American scientist Josiah Willard Gibbs made important scientific contributions to mathematics, physics, and chemistry in the 19th century and was even called “the greatest mind in American history” by Albert Einstein, the German-born theoretical physicist who relied on Gibbs’s theories for many of his own later discoveries. Gibbs’s work had a profound influence on 20th-century science and his work in statistical mechanics laid the groundwork for the development of physical chemistry as a science.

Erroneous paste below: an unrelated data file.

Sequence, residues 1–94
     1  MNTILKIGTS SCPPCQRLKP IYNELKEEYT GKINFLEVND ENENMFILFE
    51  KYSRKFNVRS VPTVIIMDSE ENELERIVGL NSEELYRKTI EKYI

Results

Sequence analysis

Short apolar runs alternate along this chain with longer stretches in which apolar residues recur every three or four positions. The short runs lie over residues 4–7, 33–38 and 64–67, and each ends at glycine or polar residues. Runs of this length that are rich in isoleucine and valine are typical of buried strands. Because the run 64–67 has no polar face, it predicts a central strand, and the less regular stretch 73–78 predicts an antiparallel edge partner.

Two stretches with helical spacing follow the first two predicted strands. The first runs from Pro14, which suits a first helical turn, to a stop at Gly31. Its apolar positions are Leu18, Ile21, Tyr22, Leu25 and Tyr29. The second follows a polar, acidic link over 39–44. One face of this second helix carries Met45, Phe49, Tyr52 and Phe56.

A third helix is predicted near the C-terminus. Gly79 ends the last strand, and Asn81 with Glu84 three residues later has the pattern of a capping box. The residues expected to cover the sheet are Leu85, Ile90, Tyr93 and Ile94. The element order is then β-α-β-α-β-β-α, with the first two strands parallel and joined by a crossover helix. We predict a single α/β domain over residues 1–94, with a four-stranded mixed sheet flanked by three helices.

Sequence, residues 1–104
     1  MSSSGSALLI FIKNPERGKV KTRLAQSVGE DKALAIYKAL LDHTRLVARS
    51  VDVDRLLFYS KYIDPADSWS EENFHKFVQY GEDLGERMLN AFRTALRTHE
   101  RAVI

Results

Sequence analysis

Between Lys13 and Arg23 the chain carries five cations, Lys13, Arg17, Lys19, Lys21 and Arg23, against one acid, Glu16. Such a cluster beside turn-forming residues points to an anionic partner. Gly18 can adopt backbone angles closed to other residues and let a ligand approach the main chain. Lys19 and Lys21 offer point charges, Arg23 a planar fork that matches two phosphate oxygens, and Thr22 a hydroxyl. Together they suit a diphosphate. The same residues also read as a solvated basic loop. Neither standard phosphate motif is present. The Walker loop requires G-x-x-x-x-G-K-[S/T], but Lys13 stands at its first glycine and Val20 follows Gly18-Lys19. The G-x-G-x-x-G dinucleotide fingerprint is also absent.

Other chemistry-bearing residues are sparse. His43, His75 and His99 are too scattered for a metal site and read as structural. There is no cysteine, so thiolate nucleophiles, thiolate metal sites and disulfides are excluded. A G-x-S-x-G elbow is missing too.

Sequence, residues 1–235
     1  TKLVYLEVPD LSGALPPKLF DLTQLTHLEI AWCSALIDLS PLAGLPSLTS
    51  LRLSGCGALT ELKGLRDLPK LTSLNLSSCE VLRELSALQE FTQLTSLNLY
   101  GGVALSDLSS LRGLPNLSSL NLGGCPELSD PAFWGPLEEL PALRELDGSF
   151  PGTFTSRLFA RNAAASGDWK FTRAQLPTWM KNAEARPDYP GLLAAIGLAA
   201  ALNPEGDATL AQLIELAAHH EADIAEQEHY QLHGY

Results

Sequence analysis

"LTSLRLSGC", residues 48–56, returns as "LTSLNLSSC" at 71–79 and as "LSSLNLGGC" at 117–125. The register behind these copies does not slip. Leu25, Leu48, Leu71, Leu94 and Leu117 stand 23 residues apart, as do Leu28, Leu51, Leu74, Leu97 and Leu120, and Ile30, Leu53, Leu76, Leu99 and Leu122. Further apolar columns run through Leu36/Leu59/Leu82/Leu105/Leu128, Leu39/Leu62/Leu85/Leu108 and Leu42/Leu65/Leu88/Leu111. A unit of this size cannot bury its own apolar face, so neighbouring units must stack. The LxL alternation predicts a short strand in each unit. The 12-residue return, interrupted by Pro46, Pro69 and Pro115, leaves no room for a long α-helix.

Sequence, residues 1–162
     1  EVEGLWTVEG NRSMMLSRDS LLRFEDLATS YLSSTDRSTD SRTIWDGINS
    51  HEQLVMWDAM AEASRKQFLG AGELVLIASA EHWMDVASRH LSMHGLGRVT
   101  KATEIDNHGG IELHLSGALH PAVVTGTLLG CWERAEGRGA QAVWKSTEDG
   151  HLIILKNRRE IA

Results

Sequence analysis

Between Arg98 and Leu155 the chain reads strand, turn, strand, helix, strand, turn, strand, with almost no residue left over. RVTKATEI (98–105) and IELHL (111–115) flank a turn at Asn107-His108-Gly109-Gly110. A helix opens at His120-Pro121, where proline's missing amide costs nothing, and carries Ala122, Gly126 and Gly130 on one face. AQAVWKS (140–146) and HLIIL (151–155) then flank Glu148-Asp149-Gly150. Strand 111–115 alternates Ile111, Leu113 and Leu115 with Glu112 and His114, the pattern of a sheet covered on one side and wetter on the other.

Josiah Willard Gibbs’s Life in New Haven
Josiah Willard Gibbs was born in New Haven on February 11, 1839, the only son of five children born to Josiah and Mary Anna (Van Cleve) Gibbs. Gibbs came from a prestigious family of clergymen and academics and his father was a linguist and theologian who is best remembered as the abolitionist who found an interpreter for the African captives on the Amistad–thus allowing them to testify during their trial.